Skip navigation

One Health: Water, Animals, Food and Society

Research

Proposed Signature Research Projects

The One Health Center (OHC) will engage in action-based research on reducing morbidity and mortality arising from malnutrition, unsafe water, and animal- and vector-borne diseases. The Center, which already has expertise in most of the required disciplines, will utilize the transformational One Health approach to design, implement and evaluate practical, cost-effective health interventions at the national, regional, community and household levels. As examples, we discuss below seven types of interventions in which the OHC will engage.

  1. Improved water management in underserved areas of the world to conserve water, increase its quantity and quality, and utilize it more effectively to specifically improve health outcomes: By some estimates, nearly two-thirds of the rural population in sub-Saharan Africa lacks access to adequate water supply. This water scarcity increases work stress, especially in women and children, and brings animals and people together more frequently, increasing the likelihood of water contamination and transmission of infectious diseases. Likewise, the manner in which water is used for agricultural and animal production affects worker health, food safety, and the health of those who drink or bathe in water. Better water management encompasses more rational water pricing as well as improved irrigation techniques that result in more efficient use of water in agriculture, which is inextricably linked to agricultural production and better nutrition. The OHC will engage in research on superior water distribution and irrigation systems and more rational water-pricing mechanisms to increase the availability and quality of water. The advantage of the One Health approach is that these model systems will consider multiple facets of water distribution and utilization, including sanitation and pathogen surveillance, proper drainage to control insect vector populations and prevent downstream contamination, and irrigation to improve agricultural productivity and food availability.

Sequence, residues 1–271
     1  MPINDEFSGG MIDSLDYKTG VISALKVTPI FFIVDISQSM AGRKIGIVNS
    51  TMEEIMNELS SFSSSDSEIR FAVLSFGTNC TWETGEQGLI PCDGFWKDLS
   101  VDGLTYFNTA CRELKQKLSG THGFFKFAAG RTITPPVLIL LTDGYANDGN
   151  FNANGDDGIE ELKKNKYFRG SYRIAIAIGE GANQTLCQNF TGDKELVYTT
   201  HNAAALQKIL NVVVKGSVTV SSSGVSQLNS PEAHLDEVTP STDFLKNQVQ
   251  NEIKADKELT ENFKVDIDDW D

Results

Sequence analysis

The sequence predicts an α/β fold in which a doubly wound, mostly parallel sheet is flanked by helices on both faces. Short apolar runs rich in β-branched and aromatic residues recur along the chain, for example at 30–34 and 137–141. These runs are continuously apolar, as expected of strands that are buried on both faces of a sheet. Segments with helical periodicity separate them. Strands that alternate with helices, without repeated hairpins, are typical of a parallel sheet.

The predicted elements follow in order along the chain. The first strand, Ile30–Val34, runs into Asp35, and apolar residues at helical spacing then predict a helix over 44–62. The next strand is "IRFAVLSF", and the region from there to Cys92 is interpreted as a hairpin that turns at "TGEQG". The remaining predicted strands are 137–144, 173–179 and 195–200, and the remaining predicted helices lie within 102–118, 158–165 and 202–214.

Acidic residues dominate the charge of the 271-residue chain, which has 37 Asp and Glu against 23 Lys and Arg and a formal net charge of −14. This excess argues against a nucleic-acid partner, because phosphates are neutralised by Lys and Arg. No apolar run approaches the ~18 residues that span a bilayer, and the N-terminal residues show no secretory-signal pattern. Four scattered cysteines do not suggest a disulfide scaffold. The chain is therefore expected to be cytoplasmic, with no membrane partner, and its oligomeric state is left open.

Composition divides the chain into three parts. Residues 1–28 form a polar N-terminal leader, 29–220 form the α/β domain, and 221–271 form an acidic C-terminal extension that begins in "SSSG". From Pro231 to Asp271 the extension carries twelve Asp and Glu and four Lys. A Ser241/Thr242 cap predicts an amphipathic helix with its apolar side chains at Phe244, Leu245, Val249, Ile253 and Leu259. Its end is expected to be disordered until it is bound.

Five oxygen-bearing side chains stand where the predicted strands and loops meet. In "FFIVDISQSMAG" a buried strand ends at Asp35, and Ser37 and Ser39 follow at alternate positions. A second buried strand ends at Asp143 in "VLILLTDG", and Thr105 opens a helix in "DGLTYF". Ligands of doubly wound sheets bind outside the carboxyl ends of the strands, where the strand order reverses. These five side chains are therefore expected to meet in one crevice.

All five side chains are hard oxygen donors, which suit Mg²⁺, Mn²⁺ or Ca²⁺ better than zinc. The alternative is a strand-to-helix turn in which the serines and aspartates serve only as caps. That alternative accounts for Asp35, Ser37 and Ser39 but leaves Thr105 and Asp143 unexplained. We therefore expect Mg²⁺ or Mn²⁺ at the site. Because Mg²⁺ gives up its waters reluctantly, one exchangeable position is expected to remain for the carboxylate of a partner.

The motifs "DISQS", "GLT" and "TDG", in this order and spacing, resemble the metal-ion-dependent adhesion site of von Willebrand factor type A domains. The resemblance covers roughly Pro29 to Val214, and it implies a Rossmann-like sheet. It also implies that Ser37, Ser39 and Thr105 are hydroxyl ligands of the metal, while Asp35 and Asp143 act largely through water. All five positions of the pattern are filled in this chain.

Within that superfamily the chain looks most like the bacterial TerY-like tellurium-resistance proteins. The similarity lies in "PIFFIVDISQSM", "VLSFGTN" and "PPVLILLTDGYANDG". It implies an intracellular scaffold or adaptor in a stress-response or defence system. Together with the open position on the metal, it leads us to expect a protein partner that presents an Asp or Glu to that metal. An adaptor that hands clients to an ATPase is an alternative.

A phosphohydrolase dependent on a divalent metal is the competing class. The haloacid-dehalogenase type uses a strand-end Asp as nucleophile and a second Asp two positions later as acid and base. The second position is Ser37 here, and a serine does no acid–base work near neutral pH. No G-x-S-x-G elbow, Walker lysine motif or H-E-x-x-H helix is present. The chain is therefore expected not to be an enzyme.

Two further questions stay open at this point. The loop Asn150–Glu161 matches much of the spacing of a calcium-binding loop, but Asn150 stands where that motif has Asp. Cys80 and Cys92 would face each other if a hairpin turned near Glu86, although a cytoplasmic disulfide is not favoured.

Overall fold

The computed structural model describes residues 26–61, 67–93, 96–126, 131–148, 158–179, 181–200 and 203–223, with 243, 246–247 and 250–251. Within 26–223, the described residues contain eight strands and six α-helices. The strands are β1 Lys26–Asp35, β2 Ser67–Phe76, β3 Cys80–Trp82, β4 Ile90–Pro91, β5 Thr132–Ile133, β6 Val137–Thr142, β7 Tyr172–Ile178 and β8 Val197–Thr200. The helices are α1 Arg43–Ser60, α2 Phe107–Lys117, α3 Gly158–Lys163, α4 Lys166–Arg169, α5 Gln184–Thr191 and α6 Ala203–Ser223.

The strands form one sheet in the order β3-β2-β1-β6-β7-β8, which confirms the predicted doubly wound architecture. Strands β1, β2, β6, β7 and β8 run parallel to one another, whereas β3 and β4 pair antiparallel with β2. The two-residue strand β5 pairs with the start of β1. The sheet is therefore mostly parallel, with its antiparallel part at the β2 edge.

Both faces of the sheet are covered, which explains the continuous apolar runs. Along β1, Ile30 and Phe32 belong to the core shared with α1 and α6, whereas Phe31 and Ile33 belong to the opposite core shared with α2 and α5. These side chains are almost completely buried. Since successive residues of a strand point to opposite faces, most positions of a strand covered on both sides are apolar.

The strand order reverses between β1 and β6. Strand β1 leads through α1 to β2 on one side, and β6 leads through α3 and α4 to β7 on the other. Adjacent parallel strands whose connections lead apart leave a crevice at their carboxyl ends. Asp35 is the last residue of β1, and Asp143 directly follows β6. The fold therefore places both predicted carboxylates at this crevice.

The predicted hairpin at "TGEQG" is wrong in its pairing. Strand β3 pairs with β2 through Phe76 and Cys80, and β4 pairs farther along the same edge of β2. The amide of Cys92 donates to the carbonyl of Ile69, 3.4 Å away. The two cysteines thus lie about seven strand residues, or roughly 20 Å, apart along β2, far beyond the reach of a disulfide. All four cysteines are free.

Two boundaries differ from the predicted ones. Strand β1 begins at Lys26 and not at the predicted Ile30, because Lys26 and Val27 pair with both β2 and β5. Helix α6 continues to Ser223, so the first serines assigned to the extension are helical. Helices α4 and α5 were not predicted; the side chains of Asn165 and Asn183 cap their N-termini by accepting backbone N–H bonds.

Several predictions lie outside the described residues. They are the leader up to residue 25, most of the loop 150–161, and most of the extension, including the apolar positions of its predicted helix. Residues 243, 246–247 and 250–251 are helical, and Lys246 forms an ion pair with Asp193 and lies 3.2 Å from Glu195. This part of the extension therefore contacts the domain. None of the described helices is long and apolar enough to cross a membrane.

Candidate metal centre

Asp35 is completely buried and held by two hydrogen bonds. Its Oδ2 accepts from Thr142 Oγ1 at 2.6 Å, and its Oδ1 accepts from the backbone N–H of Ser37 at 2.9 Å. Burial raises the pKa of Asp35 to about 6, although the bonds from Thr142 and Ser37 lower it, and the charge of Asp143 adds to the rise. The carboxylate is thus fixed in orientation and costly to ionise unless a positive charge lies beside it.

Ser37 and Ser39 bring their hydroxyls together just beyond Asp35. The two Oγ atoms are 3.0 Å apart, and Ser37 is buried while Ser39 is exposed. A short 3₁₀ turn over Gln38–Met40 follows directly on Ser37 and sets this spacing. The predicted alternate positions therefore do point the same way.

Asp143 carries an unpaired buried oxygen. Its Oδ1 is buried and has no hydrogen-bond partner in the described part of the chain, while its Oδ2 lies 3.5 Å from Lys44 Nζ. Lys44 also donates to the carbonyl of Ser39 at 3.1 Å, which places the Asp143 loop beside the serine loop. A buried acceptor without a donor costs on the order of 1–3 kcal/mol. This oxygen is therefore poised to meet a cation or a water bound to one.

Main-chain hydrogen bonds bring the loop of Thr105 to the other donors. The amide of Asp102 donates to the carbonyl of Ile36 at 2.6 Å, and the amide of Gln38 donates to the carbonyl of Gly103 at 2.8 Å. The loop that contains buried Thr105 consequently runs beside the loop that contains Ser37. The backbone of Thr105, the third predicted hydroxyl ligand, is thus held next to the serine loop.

2. Enhanced vector-control and disease-surveillance strategies: In addition to water management, reduction of morbidity and mortality from infectious diseases requires improved surveillance and management of pathogens and their vectors. Interventions designed by the OHC will include: development of effective low-cost methods for field-based detection of pathogens in water, food, vectors and hosts; measurement of dispersal and gene flow among pathogen, host, and vector populations through the application of massive genome sequencing; improved strategies for disruption of transmission of disease agents by arthropod vectors; collection of remotely-sensed environmental data that influence population dynamics and pathogen transmission to inform evidence-based policy making; and development of more effective and ecologically-sustainable bio-pesticidal larvicides and adulticides for vector control. Escalating rates of pesticide resistance to pyrethroids and other chemical insecticides worldwide makes it necessary to explore other non-chemical control tactics for the future.
  3. Superior food safety through water and ecosystem management: Recently, more than 200 people in 26 states in the U.S. became ill after eating spinach contaminated by E.coli O157:H7; over 50% needed hospitalization and a significant number developed hemolytic uremic syndrome (three of whom died), resulting in a collapse of public trust in food safety and loss of income to California farmers. The same bacteria were found in cattle grazing near the contaminated spinach fields in the Salinas Valley in California and in wild hogs running through them. Working together, hydrologists, microbiologists, epidemiologists, and ecologists traced the problem to pathogen pollution resulting from drought followed by heavy rains. The OHC will bring together physicians, public health and food safety experts, veterinarians, molecular biologists, ecologists, economists, agricultural scientists, nutritionists, environmental engineers, and hydrologists to work with each other and with resource managers, food producers and local communities to address pathogen and contaminant pollution problems in water and food supplies. We will provide rapid screening tests for enteric pathogens that can be used at the local level, as well as improved water engineering plans to reduce transmission of pathogens both in drainage and through vectors. These complex issues involve land use, water rights, regulatory responsibilities, and constituent needs, and are best addressed at the community level where local stakeholder priorities and possible solutions can be evaluated for shared resource problems.